Friday, 15 January 2010

Janet Frame: A Note on the Russian War

Well, nobody did request this story, but I thought I'd type it out anyway - the title is a little off-putting, but if you find this at all striking, then you'll probably want to read more of Janet Frame's work. I must confess its brevity appeals as much as its other qualities, when it comes to typing it out...

A Note on the Russian War

The sunflowers got us, the black seeds stuck in our hair, my mother went about saying in a high voice like the wind, sunflowers, kiddies, ah sunflowers.

We lived on the Steppes, my mother and the rest of my family and I, but mostly my mother because she was bigger than the rest. She stood outside in the sun. She held a sunflower in her hand. It was the biggest, blackest sunflower in Russia, and my mother said over and over again, ah sunflowers.

I shall never forget being in Russia. We wore big high boots in the winter, and in the summer we went bare-foot and wriggled our toes in the mud whenever it rained, and when there was snow on the ground we went outside under the trees to sing a Russian song, it went like this, I'm singing it to myself so you can't hear, tra-tra-tra, something about sunflowers and a tall sky and the war rolling through the grass, tra-tra-tra, it was a very nice song that we sang.

In space and time.

There are no lands outside, they are fenced inside us, a fence of being and we are the world, my mother told, we are Russian because we have this sunflower in our garden.

It grew in those days near the cow-byre and the potato patch. It was a little plant with a few little black seeds sometimes, and a scraggy flower with a black heart, like a big daisy only yellow and black, but it was too tall for us to see properly, the daisies were nearer our size.

All day on the lawn we made daisy chains and buttercup chains, sticking our teeth through the bitter stems.

All day on the lawn, don't you remember the smell of them, the new white daisies, you stuff your face amongst them and you put the buttercups under your chin to see if you love butter, and you do love butter anyway so what's the use, but the yellow shadow is Real Proof, Oh you love early, sitting amongst the wet painted buttercups.

And then out of the spring and summer days the War came. An ordinary war like the Hundred Years or the Wars of the Roses or the Great War where my father went and sang Tipperary. All of the soldiers on my father's side sang Tipperary, it was to show they were getting somewhere, and the louder they sang it the more sure they felt about getting there.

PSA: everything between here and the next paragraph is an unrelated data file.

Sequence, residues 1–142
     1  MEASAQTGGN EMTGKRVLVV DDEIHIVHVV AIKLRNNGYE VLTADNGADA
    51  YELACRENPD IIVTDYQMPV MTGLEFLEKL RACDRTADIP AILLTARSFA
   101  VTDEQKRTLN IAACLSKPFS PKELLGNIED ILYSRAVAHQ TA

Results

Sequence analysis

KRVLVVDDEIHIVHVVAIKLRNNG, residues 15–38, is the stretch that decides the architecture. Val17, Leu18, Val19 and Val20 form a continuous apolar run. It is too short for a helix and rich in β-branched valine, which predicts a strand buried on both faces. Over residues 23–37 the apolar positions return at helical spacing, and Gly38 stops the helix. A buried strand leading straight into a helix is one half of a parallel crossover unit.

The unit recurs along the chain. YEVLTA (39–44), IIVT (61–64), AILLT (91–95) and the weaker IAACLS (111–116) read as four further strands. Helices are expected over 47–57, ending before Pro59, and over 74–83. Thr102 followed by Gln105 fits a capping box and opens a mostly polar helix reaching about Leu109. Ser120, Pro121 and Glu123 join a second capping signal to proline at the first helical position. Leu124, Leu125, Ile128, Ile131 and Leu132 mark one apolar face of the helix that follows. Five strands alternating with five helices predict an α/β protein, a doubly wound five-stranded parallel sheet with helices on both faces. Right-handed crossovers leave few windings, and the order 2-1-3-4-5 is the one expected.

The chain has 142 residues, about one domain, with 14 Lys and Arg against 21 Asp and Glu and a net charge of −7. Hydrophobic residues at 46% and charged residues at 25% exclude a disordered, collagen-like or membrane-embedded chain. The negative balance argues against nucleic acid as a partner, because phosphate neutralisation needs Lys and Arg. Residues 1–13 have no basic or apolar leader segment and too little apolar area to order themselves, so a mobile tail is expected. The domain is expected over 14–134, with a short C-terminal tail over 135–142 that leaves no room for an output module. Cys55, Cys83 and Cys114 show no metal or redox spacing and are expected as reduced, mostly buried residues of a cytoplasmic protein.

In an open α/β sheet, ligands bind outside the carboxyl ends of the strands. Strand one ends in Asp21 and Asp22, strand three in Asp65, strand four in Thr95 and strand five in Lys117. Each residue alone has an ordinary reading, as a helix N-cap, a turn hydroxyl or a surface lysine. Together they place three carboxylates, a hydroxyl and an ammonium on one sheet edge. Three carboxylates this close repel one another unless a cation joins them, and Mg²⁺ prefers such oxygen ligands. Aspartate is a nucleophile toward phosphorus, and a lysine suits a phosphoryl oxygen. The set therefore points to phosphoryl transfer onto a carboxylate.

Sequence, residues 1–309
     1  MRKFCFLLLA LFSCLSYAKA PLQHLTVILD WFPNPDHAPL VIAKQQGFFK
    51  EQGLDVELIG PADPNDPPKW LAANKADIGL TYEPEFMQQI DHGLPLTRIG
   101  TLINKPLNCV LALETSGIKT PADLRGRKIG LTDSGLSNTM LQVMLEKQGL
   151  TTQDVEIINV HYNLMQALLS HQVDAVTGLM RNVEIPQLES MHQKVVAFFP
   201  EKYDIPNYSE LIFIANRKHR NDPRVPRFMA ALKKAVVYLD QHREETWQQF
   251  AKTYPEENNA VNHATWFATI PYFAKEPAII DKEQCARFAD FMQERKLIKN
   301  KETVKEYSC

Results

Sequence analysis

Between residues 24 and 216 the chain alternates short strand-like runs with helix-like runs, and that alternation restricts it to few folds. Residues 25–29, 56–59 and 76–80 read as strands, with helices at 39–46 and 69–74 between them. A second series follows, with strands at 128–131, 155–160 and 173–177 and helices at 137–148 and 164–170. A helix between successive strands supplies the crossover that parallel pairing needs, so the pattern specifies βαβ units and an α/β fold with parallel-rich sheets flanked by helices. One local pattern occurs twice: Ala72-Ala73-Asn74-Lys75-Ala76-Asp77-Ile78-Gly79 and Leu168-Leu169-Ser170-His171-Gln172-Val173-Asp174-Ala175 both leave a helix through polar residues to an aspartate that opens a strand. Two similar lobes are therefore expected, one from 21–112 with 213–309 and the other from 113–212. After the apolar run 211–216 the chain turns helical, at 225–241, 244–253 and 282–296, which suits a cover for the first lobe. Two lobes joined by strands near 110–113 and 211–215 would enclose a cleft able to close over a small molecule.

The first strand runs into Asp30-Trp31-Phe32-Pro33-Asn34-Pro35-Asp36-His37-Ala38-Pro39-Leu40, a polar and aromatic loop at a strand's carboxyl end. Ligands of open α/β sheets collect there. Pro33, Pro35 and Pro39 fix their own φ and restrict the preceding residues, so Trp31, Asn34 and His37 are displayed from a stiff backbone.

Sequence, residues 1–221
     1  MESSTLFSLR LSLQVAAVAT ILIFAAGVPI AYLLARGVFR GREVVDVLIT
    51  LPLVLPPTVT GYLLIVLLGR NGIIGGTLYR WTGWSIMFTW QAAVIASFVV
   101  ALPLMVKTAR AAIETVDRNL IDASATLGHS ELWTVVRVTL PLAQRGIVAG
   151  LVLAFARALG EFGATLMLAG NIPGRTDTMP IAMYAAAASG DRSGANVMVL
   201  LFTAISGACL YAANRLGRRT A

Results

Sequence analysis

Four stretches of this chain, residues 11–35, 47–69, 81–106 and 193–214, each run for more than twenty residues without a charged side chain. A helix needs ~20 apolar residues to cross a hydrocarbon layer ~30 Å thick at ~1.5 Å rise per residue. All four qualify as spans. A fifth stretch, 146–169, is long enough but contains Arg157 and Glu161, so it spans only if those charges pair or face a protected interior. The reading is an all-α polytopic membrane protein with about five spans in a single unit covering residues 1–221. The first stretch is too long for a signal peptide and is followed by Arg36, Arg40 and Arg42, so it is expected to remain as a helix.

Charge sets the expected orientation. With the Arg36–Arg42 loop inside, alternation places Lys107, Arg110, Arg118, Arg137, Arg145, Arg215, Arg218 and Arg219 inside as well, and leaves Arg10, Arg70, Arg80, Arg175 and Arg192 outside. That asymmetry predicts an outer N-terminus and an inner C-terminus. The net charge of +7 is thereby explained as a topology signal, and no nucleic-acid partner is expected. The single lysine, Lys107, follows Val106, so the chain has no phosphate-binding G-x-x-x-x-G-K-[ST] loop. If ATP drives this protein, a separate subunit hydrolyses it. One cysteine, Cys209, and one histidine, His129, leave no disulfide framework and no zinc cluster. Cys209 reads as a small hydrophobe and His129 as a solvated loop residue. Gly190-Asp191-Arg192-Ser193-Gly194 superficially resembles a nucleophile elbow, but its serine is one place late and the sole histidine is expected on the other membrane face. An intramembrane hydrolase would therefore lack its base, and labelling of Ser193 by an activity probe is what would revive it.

And the louder they sang it the more scared they felt inside.

Well in the Russian War we didn't sing Tipperary or Pack up your troubles or There's a long long trail a-winding.

We had sunflowers by the fence near where the fat white cow got milked. We had big high boots in winter.

We were just Russian children on the Steppes, singing tra-tra-tra, quietly with our mother and father, but war comes whatever you sing.

9 comments:

  1. Simon Thanks for taking time to type this out for us. In general I don't read short stories* but this is one I will print out and re-read again.

    *except that my favorite book of all time is a collection of short stories: Country of the Pointed Firs

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  2. This is very lyrical; thank you for posting it. I am intrigued by Janet Frame firstly because she is a VMC author and because she is from NZ.

    Will there be a return of Simon's Weekend Miscellany at any point? I enjoyed it so and miss the feature.

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  3. To type that all up for is is very kind Simon. It has also meant I will now definately be looking for Frame at the library today.

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  4. Oh, Claire, there will be a return! I'm glad you enjoyed it, I enjoy doing it. My problem is that I only seem to remember about it in the middle of the week... Perhaps I'll do it tonight, as it'll still be the weekend...

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  5. "Linda", (and of course Simon!)perhaps I could recommend Drinking Coffee Elsewhere by Z Z Packer as an excellent example of modern short story writing from an exciting new voice.

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  6. Simon, reading that wonderful quote has inspired me to hurry up on reading the one Janet Frame novel I've been able to acquire (she is unknown on this side of the pond), Owls Do Cry. I also have her autobiographical trilogy, of which I've read the first volume, To the Is-land. It is amazing what that woman has been through. Have you seen the movie based on her life? I am not one to cry during a film, but her life story was so touching... I am in awe of her fortitude.

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  7. If people are recommending modern short story writers, may I direct you to www.everydayfiction.com ? The story up today isn't all that, but browse through - their 2008 anthology contains some amazing pieces, better than Janet Frame (and any other 'professional' short story writers I've read), if I may be so bold... :)

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  8. I need to get you reading Katherine Mansfield - I'd be impressed if any of them are better than her! I've yet to read anyone I think is better.

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  9. Deal. Gimme.
    I'm just saying, short-story talent is very much still alive and out there.... hurray!

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